Britain's Osborne defends austerity policies amid debt storm
British finance minister George Osborne on Thursday defended his government's austerity policies, but admitted that recovery would be longer than hoped amid global financial market turmoil over debt.
Osborne, addressing lawmakers after parliament was recalled early to debate the recent rioting, said that the deficit-slashing measures had made Britain a "safe haven" for investors -- but it was not immune to the international "storm".
The Conservative-Liberal Democrat coalition government, which took office last year, has sought to axe public spending and hike taxes in order to slash a record deficit and preserve the nation's top-level AAA credit rating.
"I believe that events around the world completely vindicate the decisions of this coalition government from the day it took office to get ahead of the curve and deal with this countrys record deficit," Osborne said Thursday.
"While other countries wrestled with paralysed political systems, our coalition government united behind the swift and decisive action."
He added: "These bold steps have made Britain that safe haven in the sovereign debt storm."
Financial markets have suffered dizzying losses in recent days and weeks amid mounting concern that the eurozone debt crisis and weak US economy could help push the world back into recession.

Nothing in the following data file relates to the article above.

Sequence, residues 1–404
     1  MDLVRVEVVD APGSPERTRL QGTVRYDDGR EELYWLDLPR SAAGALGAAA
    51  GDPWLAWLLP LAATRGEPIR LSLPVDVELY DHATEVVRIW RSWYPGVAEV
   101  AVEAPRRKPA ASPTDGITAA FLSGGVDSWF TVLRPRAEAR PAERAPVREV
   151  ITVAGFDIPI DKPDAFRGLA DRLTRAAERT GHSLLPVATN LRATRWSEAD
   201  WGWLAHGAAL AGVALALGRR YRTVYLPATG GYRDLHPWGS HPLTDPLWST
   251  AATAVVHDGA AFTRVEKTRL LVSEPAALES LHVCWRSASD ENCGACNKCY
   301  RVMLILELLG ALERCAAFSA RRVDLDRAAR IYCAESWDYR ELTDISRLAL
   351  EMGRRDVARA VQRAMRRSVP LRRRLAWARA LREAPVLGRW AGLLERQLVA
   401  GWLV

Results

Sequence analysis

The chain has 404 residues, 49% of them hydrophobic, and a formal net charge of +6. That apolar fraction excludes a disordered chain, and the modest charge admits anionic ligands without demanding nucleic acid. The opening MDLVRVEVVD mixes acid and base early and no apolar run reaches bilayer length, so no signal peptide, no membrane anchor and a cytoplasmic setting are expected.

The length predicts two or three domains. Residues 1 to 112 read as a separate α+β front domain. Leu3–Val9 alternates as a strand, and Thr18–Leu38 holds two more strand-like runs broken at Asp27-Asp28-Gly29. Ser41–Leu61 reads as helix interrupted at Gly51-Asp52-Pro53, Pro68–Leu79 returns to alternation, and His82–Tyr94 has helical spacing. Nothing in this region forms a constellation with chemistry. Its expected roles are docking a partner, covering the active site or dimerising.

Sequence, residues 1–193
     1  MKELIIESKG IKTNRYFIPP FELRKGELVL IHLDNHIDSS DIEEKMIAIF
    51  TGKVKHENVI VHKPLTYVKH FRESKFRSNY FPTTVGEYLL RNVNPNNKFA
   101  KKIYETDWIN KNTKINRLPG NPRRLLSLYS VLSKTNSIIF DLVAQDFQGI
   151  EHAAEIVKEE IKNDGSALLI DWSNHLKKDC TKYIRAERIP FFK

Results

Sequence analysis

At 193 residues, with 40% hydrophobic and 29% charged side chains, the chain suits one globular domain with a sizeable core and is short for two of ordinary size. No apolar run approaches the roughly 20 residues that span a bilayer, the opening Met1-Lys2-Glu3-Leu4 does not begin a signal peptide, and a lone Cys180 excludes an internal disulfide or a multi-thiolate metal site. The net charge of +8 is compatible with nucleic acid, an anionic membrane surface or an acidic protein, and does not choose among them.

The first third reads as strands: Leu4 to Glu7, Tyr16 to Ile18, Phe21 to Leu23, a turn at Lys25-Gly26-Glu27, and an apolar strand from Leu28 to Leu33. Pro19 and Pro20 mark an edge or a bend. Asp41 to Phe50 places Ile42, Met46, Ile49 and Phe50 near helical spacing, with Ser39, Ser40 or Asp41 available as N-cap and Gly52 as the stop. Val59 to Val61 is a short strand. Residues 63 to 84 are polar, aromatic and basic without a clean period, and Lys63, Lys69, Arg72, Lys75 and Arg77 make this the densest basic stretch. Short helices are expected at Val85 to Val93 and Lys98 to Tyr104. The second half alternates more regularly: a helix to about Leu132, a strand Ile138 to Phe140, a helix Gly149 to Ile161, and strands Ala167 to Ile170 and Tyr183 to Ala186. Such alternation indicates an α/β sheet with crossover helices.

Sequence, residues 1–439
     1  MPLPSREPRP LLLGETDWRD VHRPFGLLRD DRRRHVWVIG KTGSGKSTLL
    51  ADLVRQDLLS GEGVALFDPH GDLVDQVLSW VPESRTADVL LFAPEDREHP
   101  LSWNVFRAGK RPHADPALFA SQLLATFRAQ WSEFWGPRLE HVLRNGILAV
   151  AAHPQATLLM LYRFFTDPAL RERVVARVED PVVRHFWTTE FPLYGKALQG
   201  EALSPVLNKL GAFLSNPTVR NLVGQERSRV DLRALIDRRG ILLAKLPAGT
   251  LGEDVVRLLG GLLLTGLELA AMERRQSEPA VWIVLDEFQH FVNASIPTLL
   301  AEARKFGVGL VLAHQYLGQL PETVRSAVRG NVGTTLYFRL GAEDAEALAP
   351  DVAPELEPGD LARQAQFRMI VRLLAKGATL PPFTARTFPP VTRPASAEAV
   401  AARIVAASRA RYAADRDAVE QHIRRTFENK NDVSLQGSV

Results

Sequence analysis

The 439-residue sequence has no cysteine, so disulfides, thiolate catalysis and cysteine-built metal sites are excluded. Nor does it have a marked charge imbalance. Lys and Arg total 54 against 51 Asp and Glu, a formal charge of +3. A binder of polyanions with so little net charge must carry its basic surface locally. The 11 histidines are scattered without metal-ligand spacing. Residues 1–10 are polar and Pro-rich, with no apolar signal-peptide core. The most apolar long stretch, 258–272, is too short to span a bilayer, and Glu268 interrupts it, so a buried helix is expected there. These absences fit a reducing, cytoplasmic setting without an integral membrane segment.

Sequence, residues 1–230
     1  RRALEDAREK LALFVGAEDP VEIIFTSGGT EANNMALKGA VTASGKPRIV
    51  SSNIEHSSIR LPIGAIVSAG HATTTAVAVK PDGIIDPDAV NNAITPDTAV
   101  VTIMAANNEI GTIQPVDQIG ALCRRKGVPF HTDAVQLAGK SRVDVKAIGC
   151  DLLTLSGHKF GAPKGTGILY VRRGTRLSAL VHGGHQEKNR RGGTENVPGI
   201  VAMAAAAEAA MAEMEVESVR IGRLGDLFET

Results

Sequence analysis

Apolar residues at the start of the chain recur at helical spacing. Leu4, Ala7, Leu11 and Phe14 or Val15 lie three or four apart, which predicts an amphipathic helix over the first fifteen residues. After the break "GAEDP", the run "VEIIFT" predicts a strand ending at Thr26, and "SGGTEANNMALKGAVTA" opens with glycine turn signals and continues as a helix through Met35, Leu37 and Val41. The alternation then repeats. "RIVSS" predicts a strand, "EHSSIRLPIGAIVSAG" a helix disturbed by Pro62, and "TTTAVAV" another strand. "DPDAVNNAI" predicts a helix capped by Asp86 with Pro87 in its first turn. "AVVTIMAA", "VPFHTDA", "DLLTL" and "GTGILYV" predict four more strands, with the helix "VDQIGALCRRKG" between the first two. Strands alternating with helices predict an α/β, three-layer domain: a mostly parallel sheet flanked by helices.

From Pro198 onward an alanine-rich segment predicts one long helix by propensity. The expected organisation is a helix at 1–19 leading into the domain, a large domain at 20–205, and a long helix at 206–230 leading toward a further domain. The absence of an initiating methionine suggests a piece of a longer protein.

The British government had said last weekend that its austerity measures had been "vindicated" by Standard & Poor's move to slash Washington's top AAA credit rating.
"It is not hard to identify the recent events that have triggered the latest market falls," Osborne added on Thursday.
"There has been the weak economic data from the US and the historic downgrade of that country's credit rating.
"And the crisis of confidence in the ability of Eurozone countries to pay their debts has spread from the periphery to major economies like Italy and Spain.
"But these events did not come out of the blue. They all have the same root cause. Debt."
He added: "The whole world now realises that the huge overhang of debt means that the recovery will take longer and be harder than had been hoped.
"Markets are waking up to this fact and that is what makes this the most dangerous time for the global economy since 2008.
"I think we should be realistic about that. I think we should set our expectations accordingly."
And he also pledged that the government would continue to slash debt and fix the public purse, which was battered by recession-hit taxation revenues and a series of expensive bank bailouts in a sharp downturn that ended in late 2009.
"We must continue to put our own house in order," Chancellor of the Exchequer Osborne told parliament, and warned that economic recovery "will take longer and be harder than had been hoped".
Separately on Thursday, French President Nicolas Sarkozy called a meeting with German Chancellor Angela Merkel amid market turmoil to find solutions to the eurozone debt crisis. Merkel will travel next Tuesday to Paris.
© 2011 AFP